OpenIO FS architecture

Key Features

The goal of the OIO-FS connector is to enhance the use of OIO-SDS when used as an object storage backend by providing file-oriented access. It is based on FUSE technology and presents a POSIX file system to users. This access can be used locally, or over a network using NFS or SMB.

Use cases for this include:

  • Data migration / paradigm shift: Traditional applications require no changes when used with OIO-FS to ensure backups. Once data is stored on OIO-SDS via OIO-FS, it is immediately available for read-only to cloud-native applications using standard protocols, such Amazon S3 and OpenStack Swift.
  • File system consolidation: Thanks to OpenIO SDS’s scalability, multiple file systems can be consolidated in a single object storage backend. This simplifies overall architecture and leads to lower TCO.
  • Backup directories: An OIO-FS volume, shared via NFS or SMB, can be easily used as a backup target for applications that do not support standard protocols (S3, Swift).
  • File sharing: While OIO-FS was not initially designed to work with standard NAS solutions, it can be used as an efficient and scalable solution for file sharing across a network via NFS or SMB.
  • Full integration with Grid for Apps: OIO-FS persists data on OIO-SDS, which is designed to trigger data processing via Grid for Apps. OIO-FS is the starting point for traditional applications that send data to serverless architectures.

OIO-FS was designed to be extremely flexible and scalable. Through its configurable cache, it can be set up to handle different workloads while providing full control over resources, offering the best balance of performance and stability.

OIO-FS is lightweight, like all of the solutions that are part of the OpenIO suite. It has a small footprint, and all unused resources are immediately available to cache data.

Architecture

The main characteristics of OIO-FS include:

  • Metadata stored in RAM for optimal performance: The entire structure of the file system is stored in memory, ensuring the best performance for use cases where the directory tree is frequently traversed. This data structure is continuously synchronized with persistent storage to ensure that no data is lost.
  • Object-file parity: The contents of each file in OIO-FS becomes a unique object once it is persisted on OIO-SDS. A typical use case would be to then expose this object via Amazon S3 or OpenStack Swift.
  • A high-performance data cache: The OIO-FS cache is what does all the magic. It aggregates backend calls and creates an illusion of local storage performance to applications. The consistency model is fully configurable allowing users to choose whether they prefer to optimize the application for performance or consistency.
../../_images/openio-arch-oio-fs.jpg

Each OIO-FS volume (exposed behind a mount point) is associated with a set of OIO-SDS containers, for file content, and a Redis database, for the directory structure and inode tables. The database service can be hosted on the OIO-SDS platform, or on dedicated servers, depending on the use case. A high-availability solution is necessary to ensure data persistence in case of a loss of a service. This type of architecture allows for the storage of a very large number of volumes on a single OIO-SDS backend, while providing granular control of each volume, isolating clients using shared storage. Frontend performance is decorrelated from backend performance, in order to consolidate and isolate different application calls to the data. An advanced caching mechanism increases overall efficiency by aggregating backend accesses.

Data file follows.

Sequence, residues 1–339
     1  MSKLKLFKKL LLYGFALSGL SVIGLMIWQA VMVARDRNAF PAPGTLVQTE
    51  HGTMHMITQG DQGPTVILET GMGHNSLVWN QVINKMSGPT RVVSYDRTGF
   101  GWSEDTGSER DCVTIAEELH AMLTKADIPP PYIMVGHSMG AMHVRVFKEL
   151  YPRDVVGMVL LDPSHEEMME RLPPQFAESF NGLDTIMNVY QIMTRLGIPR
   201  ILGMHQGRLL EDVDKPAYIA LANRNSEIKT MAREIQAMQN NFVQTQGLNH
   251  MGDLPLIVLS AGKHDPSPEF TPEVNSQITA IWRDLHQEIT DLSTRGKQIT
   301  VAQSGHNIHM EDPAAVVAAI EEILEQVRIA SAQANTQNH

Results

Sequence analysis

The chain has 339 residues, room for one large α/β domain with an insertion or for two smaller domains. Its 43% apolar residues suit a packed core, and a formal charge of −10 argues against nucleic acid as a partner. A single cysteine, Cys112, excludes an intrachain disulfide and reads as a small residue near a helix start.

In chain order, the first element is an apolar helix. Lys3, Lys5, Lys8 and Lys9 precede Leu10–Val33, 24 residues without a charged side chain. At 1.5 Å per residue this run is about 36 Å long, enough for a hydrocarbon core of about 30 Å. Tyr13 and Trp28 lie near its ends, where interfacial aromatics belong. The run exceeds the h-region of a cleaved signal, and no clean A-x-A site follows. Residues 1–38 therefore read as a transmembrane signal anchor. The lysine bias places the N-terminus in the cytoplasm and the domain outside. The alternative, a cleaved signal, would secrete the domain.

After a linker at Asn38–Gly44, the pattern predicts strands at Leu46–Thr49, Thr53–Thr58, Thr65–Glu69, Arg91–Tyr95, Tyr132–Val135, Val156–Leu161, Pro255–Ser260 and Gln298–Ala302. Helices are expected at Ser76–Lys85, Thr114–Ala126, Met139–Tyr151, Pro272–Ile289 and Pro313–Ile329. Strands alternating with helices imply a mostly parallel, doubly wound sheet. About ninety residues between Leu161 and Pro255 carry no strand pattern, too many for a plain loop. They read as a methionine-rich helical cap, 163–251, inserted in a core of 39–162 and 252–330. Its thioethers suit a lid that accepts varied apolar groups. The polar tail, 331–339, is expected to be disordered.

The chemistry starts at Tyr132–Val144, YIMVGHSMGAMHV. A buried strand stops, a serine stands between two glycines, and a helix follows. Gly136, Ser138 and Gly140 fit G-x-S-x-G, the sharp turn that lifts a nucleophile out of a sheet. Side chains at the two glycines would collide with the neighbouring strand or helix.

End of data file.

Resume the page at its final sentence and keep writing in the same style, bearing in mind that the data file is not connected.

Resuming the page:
Architecture specifics

  • OIO-FS is generally installed on Linux machines, either dedicated to its use or directly on machines that are part of the OpenIO cluster, according to the needs and performance constraints of each use case. The minimal hardware requirements are negligible, and any provisioned resource can serve as a cache to store the directory structure or data, enhancing system performance.
  • OIO-SDS containers: these persist the contents of files on the OIO-FS volume. Objects are stored in multiple containers to leverage OIO-SDS backend load balancing. The number of containers changes as volumes are filled; the more files there are, the more containers. These containers are available as read-only through other protocols (such as Amazon S3 et OpenStack Swift), and benefit from the same technical possibilities, such as geographic distribution, storage policies, data protection algorithms, etc.
  • Redis DB: This is a data structure that is stored in memory, and that persists on disk, which OIO-FS uses to store the directory tree, the correspondence between file paths and inodes, and metadata associated with files (permissions, attributes, etc.). This service is provided by the SDS cluster itself, or by a separate Redis instance depending on the use case and user needs.
  • OIO-FS FUSE connector: this is the central element that connects all the various elements of the architecture. It supports FUSE 2.X and 3.X, and can be installed either on each node of the OIO-SDS cluster, or on nodes dedicated to OIO-FS.
  • Advanced synchronous/asynchronous cache: This type of cache usage by the OIO-FS FUSE connector is fully configurable, and can switch from synchronous mode (ensuring the persistence on OIO-SDS of the cache’s contents at each fsync() call) to an asynchronous mode where read()/write() calls are aggregated to reduce backend activity, though this eliminates the guaranty of immediate persistence.
  • Samba: In order to store the file system on a network, OpenIO supports SMB for access from computers running Windows or macOS. Generally, each OIO-FS volume is mounted once then exported to each client.
  • NFS: OIO-FS also supports this standard file sharing protocol, which is mainly used by industrial applications and Linux/UNIX computers.